So, I think in any given couple of days or a week period, I’m having, it’s a really a collaboration session meeting with my team. My team, we don’t call them status meetings because it’s a waste of everyone’s time for all of us to sit on a call and go round robin and people tell me the status of their projects and initiatives. That’s a waste of their time. I think it’s disrespectful to their time. They can send me an email. They can update Slack.

Husani Oakley:
They can also do what they do because I trust them to do it because they’re the best people in the world to do this job. I don’t need to hover over them. So, we take an hour every Monday and collaborate on things. We’ll take a moment to celebrate on the latest content that we’re all or some of us are into. And then we really get into sort of the nuts and bolts collaboration, because these folks do have different backgrounds and different perspectives, different experiences.

Husani Oakley:
And because we’re a little a bit spread out and it’s a new team. It’s not as though we have spent so much time physically together. So, this moment is where you can start learning about each other and what each person kind of bring to this collaboration moment. I do also have a weekly status, also it’s less of a status. It’s more of a big thing that’s going on with my peers and the person that we report to. And we’re thinking of sort of bigger picture, strategic vision and what are the priorities for this year and next and how our cross-functional partnerships are doing.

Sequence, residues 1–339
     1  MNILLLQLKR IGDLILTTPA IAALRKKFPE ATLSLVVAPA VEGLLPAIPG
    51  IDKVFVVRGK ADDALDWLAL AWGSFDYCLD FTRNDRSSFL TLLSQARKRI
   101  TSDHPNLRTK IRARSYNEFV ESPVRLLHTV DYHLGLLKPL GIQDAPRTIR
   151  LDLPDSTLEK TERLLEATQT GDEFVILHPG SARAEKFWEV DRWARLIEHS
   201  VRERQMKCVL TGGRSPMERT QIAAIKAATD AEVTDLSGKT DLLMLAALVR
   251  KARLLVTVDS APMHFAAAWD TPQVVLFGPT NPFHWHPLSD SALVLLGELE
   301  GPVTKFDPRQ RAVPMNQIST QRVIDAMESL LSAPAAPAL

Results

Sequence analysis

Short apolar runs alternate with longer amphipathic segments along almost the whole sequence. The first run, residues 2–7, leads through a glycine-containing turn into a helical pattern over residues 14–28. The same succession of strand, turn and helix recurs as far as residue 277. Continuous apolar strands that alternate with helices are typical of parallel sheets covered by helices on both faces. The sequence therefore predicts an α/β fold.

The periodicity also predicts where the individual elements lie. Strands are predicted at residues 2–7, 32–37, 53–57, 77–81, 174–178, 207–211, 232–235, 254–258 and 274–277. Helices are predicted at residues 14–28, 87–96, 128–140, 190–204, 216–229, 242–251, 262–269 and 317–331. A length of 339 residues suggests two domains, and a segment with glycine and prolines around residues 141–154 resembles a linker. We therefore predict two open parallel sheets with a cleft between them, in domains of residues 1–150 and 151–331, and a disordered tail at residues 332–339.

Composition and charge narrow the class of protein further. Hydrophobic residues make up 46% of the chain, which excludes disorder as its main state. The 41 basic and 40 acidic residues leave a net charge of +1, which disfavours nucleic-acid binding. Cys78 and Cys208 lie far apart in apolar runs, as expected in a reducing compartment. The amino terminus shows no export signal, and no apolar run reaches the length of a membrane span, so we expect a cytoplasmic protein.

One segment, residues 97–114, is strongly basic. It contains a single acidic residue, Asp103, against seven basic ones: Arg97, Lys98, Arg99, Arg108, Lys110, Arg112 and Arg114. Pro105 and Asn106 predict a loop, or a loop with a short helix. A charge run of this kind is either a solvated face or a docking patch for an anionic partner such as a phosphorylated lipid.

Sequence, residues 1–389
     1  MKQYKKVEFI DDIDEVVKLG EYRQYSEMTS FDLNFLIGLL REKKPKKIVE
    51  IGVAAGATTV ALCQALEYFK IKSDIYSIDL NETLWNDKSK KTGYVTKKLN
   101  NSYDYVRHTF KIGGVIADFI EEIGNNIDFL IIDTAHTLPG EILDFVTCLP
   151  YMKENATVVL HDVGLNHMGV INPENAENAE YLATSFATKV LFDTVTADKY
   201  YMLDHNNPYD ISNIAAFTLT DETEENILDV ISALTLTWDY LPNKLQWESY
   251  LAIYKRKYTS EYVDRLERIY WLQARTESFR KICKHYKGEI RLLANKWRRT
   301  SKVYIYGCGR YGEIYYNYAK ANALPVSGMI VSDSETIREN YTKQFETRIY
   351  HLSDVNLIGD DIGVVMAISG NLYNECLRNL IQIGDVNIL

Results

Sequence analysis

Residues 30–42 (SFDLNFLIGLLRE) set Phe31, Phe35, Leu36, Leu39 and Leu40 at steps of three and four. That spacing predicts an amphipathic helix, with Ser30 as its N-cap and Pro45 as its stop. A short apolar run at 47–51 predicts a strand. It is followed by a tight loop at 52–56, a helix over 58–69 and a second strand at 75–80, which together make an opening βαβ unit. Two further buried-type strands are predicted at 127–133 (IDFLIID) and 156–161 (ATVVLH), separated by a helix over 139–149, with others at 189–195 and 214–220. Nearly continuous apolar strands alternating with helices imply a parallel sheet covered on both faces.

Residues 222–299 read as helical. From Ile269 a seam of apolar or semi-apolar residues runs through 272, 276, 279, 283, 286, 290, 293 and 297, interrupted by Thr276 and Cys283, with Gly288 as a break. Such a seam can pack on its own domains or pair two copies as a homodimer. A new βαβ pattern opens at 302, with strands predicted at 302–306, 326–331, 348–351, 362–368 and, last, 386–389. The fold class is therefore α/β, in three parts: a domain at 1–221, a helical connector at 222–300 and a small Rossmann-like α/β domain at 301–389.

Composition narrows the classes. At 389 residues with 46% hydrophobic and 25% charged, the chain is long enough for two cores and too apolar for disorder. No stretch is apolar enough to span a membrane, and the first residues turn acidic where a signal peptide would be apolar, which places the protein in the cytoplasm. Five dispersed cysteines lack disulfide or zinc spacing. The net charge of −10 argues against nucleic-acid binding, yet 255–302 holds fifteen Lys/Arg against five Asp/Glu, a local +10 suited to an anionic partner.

Husani Oakley:
But a lot of time for me is spent watching Netflix. And I’m just smiling ear-to-ear when I say that. I watch a lot of Netflix. I watch Netflix during the day. I said to my mom, when I started, “I get paid to watch a lot of Netflix and that’s pretty damn cool.” And I’m watching as a member, but I’m also, I’m watching to gauge where we’re at creatively with title representation on platform. Does that feel right? And if it does, how can we do that not once, but twice but 5000 times. And then next year, 10,000 times. And then the next year, 30,000 times. So, there’s a lot of focus on getting content in.

Husani Oakley:
There’s a lot of task forces that are, we’re really big on cross-functional partnerships and cross-functional relationships. So, I’m on a couple of handfuls worth of internal working groups and task forces focused on all sorts of issues and initiatives and challenges to solve. Maybe there’ll be a meeting in that. And one person from the taskforce is going to present a deck or a super long memo about the latest findings from a test. And we debate them and we dissent openly and give feedback about what we’re talking about in these conversations openly.